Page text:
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Atmospheric Chemistry and Physics
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18
issue
4
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29 pages
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Copernicus Gesellschaft mbH
external identifiers
  • scopus:85042731217
ISSN
1680-7316
DOI
10.5194/acp-18-2853-2018
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English
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@article{660dbf77-ff3b-4315-a041-58ceae3ae89c,
  abstract     = {<p>Aerosol-cloud interactions (ACI) constitute the single largest uncertainty in anthropogenic radiative forcing. To reduce the uncertainties and gain more confidence in the simulation of ACI, models need to be evaluated against observations, in particular against measurements of cloud condensation nuclei (CCN). Here we present a data set - ready to be used for model validation - of long-term observations of CCN number concentrations, particle number size distributions and chemical composition from 12 sites on 3 continents. Studied environments include coastal background, rural background, alpine sites, remote forests and an urban surrounding. Expectedly, CCN characteristics are highly variable across site categories. However, they also vary within them, most strongly in the coastal background group, where CCN number concentrations can vary by up to a factor of 30 within one season. In terms of particle activation behaviour, most continental stations exhibit very similar activation ratios (relative to particles 20nm) across the range of 0.1 to 1.0% supersaturation. At the coastal sites the transition from particles being CCN inactive to becoming CCN active occurs over a wider range of the supersaturation spectrum. Several stations show strong seasonal cycles of CCN number concentrations and particle number size distributions, e.g. at Barrow (Arctic haze in spring), at the alpine stations (stronger influence of polluted boundary layer air masses in summer), the rain forest (wet and dry season) or Finokalia (wildfire influence in autumn). The rural background and urban sites exhibit relatively little variability throughout the year, while short-term variability can be high especially at the urban site. The average hygroscopicity parameter, calculated from the chemical composition of submicron particles was highest at the coastal site of Mace Head (0.6) and lowest at the rain forest station ATTO (0.2-0.3). We performed closure studies based on -Köhler theory to predict CCN number concentrations. The ratio of predicted to measured CCN concentrations is between 0.87 and 1.4 for five different types of . The temporal variability is also well captured, with Pearson correlation coefficients exceeding 0.87. Information on CCN number concentrations at many locations is important to better characterise ACI and their radiative forcing. But long-term comprehensive aerosol particle characterisations are labour intensive and costly. Hence, we recommend operating migrating-CCNCs to conduct collocated CCN number concentration and particle number size distribution measurements at individual locations throughout one year at least to derive a seasonally resolved hygroscopicity parameter. This way, CCN number concentrations can only be calculated based on continued particle number size distribution information and greater spatial coverage of long-term measurements can be achieved.</p>},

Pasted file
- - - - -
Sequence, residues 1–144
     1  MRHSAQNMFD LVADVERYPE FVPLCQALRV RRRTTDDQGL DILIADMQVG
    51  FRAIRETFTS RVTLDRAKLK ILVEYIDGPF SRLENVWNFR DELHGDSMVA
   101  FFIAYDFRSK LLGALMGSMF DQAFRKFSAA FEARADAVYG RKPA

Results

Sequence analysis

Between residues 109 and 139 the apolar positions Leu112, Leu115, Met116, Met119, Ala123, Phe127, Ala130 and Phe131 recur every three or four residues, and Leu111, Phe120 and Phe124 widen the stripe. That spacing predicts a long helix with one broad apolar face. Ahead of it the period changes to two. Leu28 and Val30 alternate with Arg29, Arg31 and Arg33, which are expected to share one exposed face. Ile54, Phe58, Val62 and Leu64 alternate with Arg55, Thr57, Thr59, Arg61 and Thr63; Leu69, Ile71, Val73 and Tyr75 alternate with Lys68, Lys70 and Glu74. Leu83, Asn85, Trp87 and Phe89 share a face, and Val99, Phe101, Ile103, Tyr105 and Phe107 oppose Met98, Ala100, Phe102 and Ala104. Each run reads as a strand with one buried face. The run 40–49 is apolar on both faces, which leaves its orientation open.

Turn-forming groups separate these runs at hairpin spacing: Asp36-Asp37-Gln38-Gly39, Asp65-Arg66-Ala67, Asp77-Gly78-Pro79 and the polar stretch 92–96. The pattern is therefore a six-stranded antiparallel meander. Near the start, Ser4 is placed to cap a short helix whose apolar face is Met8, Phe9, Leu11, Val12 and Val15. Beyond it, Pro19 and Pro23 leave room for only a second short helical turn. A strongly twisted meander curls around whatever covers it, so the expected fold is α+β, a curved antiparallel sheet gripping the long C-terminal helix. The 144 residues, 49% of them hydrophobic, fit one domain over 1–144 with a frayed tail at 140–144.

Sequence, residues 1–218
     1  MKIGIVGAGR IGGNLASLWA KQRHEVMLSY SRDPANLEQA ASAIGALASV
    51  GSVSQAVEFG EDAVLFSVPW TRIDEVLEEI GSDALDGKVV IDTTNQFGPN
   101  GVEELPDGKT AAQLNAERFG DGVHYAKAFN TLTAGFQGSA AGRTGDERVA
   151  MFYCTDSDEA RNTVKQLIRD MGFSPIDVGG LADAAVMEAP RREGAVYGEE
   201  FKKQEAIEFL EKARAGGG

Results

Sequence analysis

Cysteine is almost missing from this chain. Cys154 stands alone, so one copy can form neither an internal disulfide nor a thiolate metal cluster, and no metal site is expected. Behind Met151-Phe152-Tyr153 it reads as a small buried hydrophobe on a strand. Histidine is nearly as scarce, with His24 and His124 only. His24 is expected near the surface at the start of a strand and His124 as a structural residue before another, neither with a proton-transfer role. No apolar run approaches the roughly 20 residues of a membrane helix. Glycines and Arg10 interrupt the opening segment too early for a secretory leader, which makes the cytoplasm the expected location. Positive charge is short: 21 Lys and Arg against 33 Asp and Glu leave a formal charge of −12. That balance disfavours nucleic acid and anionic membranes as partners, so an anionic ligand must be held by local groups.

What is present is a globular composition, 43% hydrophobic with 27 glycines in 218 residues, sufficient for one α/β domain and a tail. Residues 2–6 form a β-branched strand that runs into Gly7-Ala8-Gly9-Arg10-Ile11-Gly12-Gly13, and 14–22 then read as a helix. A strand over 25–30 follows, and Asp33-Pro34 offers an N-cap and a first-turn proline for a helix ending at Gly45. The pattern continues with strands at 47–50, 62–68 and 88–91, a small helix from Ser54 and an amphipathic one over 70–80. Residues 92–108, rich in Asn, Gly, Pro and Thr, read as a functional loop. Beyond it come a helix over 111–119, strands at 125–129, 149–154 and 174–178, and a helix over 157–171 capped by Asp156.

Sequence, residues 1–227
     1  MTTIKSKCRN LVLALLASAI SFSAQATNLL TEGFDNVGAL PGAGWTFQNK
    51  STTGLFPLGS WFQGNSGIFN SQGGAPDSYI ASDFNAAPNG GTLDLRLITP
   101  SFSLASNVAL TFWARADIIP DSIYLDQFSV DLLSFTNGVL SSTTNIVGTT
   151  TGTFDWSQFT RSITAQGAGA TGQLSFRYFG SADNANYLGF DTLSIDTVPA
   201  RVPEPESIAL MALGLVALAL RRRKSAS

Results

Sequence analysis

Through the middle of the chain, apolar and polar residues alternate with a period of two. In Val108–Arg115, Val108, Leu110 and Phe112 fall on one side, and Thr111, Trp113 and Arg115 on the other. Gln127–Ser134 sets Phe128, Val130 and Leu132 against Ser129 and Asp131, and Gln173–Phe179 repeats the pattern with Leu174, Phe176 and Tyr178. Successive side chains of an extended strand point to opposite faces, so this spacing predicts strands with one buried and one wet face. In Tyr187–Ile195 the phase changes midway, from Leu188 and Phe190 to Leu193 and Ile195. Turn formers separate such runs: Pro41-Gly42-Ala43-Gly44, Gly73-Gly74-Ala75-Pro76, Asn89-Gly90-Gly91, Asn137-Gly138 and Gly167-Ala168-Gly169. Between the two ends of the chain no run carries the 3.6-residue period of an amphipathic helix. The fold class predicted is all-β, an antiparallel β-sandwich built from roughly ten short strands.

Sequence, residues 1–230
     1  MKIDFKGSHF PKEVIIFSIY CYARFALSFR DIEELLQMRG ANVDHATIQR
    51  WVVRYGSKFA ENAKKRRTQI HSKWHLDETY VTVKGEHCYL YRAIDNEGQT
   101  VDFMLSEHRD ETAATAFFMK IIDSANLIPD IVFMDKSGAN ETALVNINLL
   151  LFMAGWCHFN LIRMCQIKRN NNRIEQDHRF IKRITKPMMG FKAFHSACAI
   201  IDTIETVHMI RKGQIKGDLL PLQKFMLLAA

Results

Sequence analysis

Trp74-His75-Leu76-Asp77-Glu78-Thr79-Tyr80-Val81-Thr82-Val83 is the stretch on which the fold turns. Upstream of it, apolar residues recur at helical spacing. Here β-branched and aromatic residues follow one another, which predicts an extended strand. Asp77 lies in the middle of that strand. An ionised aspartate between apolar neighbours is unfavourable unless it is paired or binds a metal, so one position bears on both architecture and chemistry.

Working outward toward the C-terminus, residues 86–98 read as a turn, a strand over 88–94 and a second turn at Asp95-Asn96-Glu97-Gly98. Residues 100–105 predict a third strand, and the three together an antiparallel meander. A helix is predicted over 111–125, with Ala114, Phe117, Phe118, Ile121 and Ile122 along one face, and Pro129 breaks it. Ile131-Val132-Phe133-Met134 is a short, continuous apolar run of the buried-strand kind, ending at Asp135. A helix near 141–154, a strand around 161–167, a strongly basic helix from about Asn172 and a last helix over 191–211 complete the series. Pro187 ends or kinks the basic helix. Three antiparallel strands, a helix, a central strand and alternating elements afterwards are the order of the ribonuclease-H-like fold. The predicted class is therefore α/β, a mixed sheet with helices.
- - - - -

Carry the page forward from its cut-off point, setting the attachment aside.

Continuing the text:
author       = {Schmale, Julia and Henning, Silvia and Decesari, Stefano and Henzing, Bas and Keskinen, Helmi and Sellegri, Karine and Ovadnevaite, Jurgita and Pöhlker, Mira and Brito, Joel and Bougiatioti, Aikaterini and Kristensson, Adam and Kalivitis, Nikos and Stavroulas, Iasonas and Carbone, Samara and Jefferson, Anne and Park, Minsu and Schlag, Patrick and Iwamoto, Yoko and Aalto, Pasi and Äijälä, Mikko and Bukowiecki, Nicolas and Ehn, Mikael and Fröhlich, Roman and Frumau, Arnoud and Herrmann, Erik and Herrmann, Hartmut and Holzinger, Rupert and Kos, Gerard and Kulmala, Markku and Mihalopoulos, Nikolaos and Nenes, Athanasios and O'Dowd, Colin and Petäjä, Tuukka and Picard, David and Pöhlker, Christopher and Pöschl, Ulrich and Poulain, Laurent and Swietlicki, Erik and Andreae, Meinrat and Artaxo, Paulo and Wiedensohler, Alfred and Ogren, John and Matsuki, Atsushi and Soo Yum, Seong and Stratmann, Frank and Baltensperger, Urs and Gysel, Martin},
  issn         = {1680-7316},
  language     = {eng},
  month        = {02},
  number       = {4},
  pages        = {2853--2881},
  publisher    = {Copernicus Gesellschaft mbH},
  series       = {Atmospheric Chemistry and Physics},
  title        = {Long-term cloud condensation nuclei number concentration, particle number size distribution and chemical composition measurements at regionally representative observatories},
  url          = {http://dx.doi.org/10.5194/acp-18-2853-2018},
  volume       = {18},
  year         = {2018},
}